At the same time, in the mid-20th century, museums—including the Art Institute of Chicago—began collecting and mounting exhibitions of photography, and photographic books and magazines circulated on a vast scale. Scholars, curators, and editors—new voices of authority—proclaimed particular images as definitional to a history of photographic achievement, giving rise to a canon of art photographs that has held an outsize influence on photographers and admirers ever since. Featuring more than 30 photographs by such acclaimed artists as Berenice Abbott, Margaret Bourke-White, Brassaï, Walker Evans, Tina Modotti, Man Ray, Paul Strand, Edward Steichen, and Edward Weston, Iconic examines how that canon was formed and further reminds us that photography’s acceptance as an art was not a foregone conclusion, but was shaped by passionate individuals, interested institutions, and the reproductive capacity of photography itself.

This exhibition is made possible through the Black Dog Fund.

Gregg Bordowitz: I Wanna Be Well
Through July 14, 2019

Since the late 1980s, writer, artist, and activist Gregg Bordowitz has made diverse works—essays, poems, performances, drawings, sculpture, and videos—that explore his Jewish, gay, and bisexual identities within the context of the ongoing AIDS crisis.

A professor and director of the Low-Residency MFA program at the School of the Art Institute of Chicago, Bordowitz was an early participant in New York’s ACT UP (AIDS Coalition to Unleash Power), where he cofounded various video collectives, including Testing the Limits, an advocacy group within ACT UP, and DIVA (Damn Interfering Video Activists). While developing a visual language capable of communicating harm-reduction models to a broad public in his collaborative works, he made his own videos and television broadcasts, such as some aspect of a shared lifestyle (1986) and Fast Trip, Long Drop (1993), that juxtaposed performance documentation, archival footage, role play, and recordings of protest demonstrations, drawing influence from feminist conceptual art. In recent years Bordowitz has increasingly introduced poetry and performance as art events, exploring histories of televised stand-up comedy in works such as Only Idiots Smile (2017) and Some Styles of Masculinity (2017).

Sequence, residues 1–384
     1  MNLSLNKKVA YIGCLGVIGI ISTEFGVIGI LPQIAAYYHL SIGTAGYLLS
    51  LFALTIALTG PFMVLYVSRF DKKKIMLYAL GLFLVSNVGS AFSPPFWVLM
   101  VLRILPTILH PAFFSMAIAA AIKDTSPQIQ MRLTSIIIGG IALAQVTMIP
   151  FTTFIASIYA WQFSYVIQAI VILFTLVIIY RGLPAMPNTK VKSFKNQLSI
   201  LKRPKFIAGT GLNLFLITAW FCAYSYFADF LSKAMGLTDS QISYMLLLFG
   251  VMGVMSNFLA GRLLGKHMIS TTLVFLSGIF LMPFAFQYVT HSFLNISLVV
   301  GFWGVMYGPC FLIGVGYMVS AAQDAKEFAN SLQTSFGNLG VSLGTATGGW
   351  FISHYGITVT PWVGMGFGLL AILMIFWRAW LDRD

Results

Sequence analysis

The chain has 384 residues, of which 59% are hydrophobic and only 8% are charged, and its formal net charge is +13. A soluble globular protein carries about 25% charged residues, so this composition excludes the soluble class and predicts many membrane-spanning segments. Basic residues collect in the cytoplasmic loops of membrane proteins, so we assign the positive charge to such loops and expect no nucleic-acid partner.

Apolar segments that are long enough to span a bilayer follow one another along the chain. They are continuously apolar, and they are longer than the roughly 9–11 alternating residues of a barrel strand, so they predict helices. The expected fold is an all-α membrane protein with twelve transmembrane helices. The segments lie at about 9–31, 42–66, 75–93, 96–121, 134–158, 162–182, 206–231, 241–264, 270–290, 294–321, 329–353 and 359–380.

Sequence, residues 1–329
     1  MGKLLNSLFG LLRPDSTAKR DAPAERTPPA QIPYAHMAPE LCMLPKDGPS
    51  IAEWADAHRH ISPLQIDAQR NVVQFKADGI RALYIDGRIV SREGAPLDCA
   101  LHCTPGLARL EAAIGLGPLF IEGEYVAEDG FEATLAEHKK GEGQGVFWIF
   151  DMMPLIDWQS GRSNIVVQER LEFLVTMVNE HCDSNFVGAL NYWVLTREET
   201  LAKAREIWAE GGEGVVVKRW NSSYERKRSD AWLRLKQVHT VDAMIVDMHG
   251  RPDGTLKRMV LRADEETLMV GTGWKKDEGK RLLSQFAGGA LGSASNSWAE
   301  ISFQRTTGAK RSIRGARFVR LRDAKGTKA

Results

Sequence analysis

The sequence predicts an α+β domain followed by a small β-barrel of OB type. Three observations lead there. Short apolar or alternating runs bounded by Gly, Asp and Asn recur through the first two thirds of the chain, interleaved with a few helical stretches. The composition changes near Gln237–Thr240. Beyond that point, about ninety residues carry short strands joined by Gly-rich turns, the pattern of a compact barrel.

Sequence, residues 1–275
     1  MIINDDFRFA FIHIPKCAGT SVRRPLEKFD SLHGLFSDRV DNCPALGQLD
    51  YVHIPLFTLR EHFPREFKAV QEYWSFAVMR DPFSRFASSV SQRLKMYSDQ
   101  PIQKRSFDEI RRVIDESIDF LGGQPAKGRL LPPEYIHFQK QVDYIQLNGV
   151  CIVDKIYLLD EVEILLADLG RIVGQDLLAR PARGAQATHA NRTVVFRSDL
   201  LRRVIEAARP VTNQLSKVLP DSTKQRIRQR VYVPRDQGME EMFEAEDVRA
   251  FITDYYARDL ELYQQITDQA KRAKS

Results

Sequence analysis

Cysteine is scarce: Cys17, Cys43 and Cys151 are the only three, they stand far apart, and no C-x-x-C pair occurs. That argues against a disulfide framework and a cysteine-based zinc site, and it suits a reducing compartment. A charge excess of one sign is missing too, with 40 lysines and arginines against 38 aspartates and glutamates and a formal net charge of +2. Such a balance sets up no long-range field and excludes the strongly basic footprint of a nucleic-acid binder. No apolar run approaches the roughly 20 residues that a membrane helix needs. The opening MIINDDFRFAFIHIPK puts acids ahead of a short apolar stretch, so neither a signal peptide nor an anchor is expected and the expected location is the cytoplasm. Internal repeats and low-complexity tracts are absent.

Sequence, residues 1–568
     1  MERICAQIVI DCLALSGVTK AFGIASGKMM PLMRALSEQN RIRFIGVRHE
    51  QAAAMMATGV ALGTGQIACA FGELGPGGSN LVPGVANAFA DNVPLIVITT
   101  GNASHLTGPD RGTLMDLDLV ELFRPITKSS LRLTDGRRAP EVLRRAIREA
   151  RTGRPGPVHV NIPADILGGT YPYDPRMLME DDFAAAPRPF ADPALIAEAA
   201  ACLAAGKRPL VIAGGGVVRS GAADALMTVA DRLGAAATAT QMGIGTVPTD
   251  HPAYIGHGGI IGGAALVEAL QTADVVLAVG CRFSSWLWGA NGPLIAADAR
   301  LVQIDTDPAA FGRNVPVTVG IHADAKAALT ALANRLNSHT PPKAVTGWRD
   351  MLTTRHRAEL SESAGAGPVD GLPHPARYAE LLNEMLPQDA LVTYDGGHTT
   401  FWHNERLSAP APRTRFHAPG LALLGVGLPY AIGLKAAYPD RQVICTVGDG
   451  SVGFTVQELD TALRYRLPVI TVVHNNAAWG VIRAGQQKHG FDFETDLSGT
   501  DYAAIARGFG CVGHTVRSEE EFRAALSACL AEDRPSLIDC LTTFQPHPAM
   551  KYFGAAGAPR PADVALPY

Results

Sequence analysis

I Wanna Be Well—named after the 1977 Ramones song—marks the first comprehensive overview of the artist’s prodigious career, which spans three decades of production. Moving between multiple genres including video, art made for television, published poems, site-specific installation, live performance, and rare selections from the artist’s personal archive and library, the exhibition contemplates an expanded concept of portraiture as a mode of political and artistic address.

All videos in the exhibition have closed captioning. The videos shown in the Stone Gallery alternate and can be seen on the following schedule:

Fast Trip, Long Drop (1993)

Only Idiots Smile (2017)

Support is partially provided by The Andrew W. Mellon Foundation Post-Doctoral Fellowship in Time-Based Media.

Members of the Exhibitions Trust provide annual leadership support for the museum’s operations, including exhibition development, conservation and collection care, and educational programming. The Exhibitions Trust includes an anonymous donor; Neil Bluhm and the Bluhm Family Charitable Foundation; Jay Franke and David Herro; Kenneth Griffin; Caryn and King Harris, The Harris Family Foundation; Robert M. and Diane v.S. Levy; Ann and Samuel M. Mencoff; Sylvia Neil and Dan Fischel; Anne and Chris Reyes; Cari and Michael J. Sacks; and the Earl and Brenda Shapiro Foundation.

Connoisseurship of Japanese Prints
Through June 23, 2019

“People always ask, ‘Where’s
The Great Wave
? Why isn’t it out?’”

What does it take to be a connoisseur of Japanese prints? A keen eye, for starters—one able to spot differences between multiple prints of the same design.